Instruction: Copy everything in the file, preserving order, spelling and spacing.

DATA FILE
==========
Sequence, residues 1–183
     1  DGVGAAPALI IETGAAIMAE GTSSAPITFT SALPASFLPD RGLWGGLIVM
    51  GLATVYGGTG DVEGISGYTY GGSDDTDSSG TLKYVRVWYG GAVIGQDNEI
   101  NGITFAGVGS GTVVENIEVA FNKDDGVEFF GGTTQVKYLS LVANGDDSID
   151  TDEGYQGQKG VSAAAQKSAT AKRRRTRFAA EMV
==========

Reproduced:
Sequence, residues 1–183
     1  DGVGAAPALI IETGAAIMAE GTSSAPITFT SALPASFLPD RGLWGGLIVM
    51  GLATVYGGTG DVEGISGYTY GGSDDTDSSG TLKYVRVWYG GAVIGQDNEI
   101  NGITFAGVGS GTVVENIEVA FNKDDGVEFF GGTTQVKYLS LVANGDDSID
   151  TDEGYQGQKG VSAAAQKSAT AKRRRTRFAA EMV